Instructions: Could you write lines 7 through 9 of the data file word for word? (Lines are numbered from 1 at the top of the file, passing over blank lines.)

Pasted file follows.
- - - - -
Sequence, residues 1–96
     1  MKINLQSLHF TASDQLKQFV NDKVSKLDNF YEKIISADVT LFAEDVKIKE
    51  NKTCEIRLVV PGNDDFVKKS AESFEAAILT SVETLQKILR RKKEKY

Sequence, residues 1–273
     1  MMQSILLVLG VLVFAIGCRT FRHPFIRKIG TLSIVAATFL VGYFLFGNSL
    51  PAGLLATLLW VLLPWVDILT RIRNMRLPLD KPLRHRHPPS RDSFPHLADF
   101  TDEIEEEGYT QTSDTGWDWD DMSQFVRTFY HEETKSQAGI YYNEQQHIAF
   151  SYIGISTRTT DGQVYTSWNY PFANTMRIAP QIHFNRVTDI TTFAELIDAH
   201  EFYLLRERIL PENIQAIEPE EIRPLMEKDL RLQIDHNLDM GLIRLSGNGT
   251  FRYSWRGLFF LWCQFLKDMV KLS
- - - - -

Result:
   101  TDEIEEEGYT QTSDTGWDWD DMSQFVRTFY HEETKSQAGI YYNEQQHIAF
   151  SYIGISTRTT DGQVYTSWNY PFANTMRIAP QIHFNRVTDI TTFAELIDAH
   201  EFYLLRERIL PENIQAIEPE EIRPLMEKDL RLQIDHNLDM GLIRLSGNGT